The experiments took place in total darkness at 80% humidity and 21˚ Celsius. Using electrodes attached to colonized mushroom substrate, their study recorded the spike trains each colony produced. From their recordings they were able to identify intervals between two different signals – low-amplitude low-frequency spikes, and high-amplitude high-frequency spikes.
Comparing the peaks and spikes of neighboring fruiting bodies, Adamatzky’s team found synchronization and patterns suggesting the potential of fungal language.
They then analyzed the electrical activity using mathematical algorithms to identify individual characters and estimate the size of the fungal lexicon. Converting the spike sequences into binary strings, the patterns resemble bar codes. From these spike trains, researchers could decode the human language equivalent of fungal words.
Adamatzky’s study found that fungi have the ability to communicate across vast underground mycelium colonies with up to fifty distinct electrical signals – transmissions very similar to how human nerve cells relay information in our bodies.
While we may never decode what fungi are actually saying, the length of spike train signals closely parallels the distribution of word lengths in human languages. His team identified syntax by estimating word order in fungal sentences, and discovered that fungi’s morphological complexity exceeded that of European languages.
Fungal vocabulary can be as many as 50 words, but the core lexicon used more frequently does not exceed 15-20 words. Split gill and ghost species have the largest vocabulary, while Enoki and caterpillar fungi have a less extensive one.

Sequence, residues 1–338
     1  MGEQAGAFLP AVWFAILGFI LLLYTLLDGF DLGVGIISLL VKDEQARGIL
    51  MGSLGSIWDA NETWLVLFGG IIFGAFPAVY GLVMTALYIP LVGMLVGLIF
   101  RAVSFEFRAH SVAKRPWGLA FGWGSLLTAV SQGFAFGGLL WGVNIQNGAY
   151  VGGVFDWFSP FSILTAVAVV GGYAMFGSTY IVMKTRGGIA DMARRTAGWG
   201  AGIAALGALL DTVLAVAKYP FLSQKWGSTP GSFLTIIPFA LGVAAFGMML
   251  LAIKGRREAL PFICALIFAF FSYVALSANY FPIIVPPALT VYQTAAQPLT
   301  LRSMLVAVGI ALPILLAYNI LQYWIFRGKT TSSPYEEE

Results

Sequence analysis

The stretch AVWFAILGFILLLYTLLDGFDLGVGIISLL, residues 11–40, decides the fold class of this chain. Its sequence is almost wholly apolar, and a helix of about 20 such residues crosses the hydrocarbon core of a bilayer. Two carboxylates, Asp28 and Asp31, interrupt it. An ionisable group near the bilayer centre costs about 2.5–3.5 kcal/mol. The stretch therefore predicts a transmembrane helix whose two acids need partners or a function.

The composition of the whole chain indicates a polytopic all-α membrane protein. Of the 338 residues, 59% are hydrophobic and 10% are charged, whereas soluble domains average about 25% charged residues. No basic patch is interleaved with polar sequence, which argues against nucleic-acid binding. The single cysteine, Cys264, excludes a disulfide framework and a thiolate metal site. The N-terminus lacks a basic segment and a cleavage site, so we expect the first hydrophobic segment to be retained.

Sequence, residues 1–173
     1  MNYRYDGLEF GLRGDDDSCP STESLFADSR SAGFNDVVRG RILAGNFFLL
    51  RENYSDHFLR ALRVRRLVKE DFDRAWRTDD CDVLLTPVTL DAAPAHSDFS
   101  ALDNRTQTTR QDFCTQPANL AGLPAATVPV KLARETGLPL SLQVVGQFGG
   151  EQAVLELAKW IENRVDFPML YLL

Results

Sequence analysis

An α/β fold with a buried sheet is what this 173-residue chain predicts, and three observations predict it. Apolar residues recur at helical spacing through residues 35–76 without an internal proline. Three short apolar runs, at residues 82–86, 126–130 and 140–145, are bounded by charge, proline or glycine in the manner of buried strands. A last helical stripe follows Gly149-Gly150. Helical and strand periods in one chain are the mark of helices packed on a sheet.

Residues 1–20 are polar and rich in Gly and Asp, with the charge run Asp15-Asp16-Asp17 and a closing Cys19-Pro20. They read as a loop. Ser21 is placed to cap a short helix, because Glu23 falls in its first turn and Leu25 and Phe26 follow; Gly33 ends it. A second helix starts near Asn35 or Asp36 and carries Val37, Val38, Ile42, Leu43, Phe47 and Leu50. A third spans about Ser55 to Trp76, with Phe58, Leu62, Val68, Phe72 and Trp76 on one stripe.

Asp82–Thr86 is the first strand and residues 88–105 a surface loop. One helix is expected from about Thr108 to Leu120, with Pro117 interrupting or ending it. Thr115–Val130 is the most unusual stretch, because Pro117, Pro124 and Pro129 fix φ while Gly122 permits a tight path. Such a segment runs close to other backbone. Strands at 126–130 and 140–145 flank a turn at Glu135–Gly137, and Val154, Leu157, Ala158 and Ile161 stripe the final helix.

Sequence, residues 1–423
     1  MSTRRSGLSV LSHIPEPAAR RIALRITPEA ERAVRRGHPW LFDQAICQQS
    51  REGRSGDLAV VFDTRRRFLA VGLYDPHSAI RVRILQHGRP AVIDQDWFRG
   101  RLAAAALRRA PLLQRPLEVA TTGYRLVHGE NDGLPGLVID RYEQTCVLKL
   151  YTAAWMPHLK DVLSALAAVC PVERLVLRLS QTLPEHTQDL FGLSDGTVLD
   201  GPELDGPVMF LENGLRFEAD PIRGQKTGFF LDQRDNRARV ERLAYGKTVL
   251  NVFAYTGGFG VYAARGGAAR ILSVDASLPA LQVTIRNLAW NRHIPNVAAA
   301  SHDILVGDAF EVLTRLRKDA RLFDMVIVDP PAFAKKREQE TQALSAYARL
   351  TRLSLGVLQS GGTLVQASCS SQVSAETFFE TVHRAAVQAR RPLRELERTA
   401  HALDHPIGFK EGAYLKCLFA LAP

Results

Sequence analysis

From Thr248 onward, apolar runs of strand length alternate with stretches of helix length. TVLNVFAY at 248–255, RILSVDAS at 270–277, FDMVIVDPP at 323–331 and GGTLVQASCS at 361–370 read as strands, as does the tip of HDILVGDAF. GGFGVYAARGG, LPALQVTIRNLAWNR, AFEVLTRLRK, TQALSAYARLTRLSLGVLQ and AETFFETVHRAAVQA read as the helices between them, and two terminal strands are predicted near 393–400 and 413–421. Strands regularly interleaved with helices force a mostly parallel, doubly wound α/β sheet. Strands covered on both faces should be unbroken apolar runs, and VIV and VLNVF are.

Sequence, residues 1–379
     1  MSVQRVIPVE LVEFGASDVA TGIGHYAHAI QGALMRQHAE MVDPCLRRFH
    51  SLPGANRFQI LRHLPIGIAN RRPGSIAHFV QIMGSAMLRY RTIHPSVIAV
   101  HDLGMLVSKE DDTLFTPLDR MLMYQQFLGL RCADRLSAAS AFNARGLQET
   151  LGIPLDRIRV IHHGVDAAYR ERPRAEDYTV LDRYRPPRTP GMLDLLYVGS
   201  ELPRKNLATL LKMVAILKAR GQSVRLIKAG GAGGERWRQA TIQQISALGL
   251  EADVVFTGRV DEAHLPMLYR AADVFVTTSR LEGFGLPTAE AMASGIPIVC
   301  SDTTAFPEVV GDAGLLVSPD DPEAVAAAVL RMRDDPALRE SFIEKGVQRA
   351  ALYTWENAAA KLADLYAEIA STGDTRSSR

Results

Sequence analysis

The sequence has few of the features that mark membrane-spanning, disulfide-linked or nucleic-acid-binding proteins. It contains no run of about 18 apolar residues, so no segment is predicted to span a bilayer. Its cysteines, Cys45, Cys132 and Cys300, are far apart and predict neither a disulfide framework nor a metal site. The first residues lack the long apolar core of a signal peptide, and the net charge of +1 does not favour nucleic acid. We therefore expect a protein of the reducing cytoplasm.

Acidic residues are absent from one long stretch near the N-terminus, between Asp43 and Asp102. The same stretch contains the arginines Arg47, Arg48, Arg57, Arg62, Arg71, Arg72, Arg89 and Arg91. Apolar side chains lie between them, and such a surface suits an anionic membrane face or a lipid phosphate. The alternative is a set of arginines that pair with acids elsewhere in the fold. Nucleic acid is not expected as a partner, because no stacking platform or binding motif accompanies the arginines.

Perhaps most surprising, the average fungal word length in all four species falls in the same range of average word length in some human languages – notably English and Russian.
The study found that split gill mushrooms also generate the most complex sentences. Caterpillar mushrooms display complexity slightly below split gills, while ghost and Enoki mushrooms have much less sentence complexity. However, Adamatzky suggests this could simply indicate different dialects that are conveying the same amount of information.
Scientists continue to debate whether fungi’s electric signaling constitutes language, by human definition. In evolutionary terms, few can argue that fungi have mastered a highly adaptive method of electro-communication and survival. They are predators, parasites, pathogens, healing agents, and decomposers critical to nutrient cycling.
As one of the first terrestrial life forms on earth (second only to algae), mycelium networks paved the way for plants to evolve on land, long before animals. Today, fungi represent the largest and most diverse taxonomic kingdom on earth. There are more than 99,000 known species of fungi in every environment and ecosystem on our planet – from the smallest yeasts and molds, to the large fruiting bodies we call mushrooms.
Adamatzky agrees more research is needed to better understand and interpret the nature of fungal language. But his study proves that humans still have much to learn from how other species communicate – even the simplest life forms.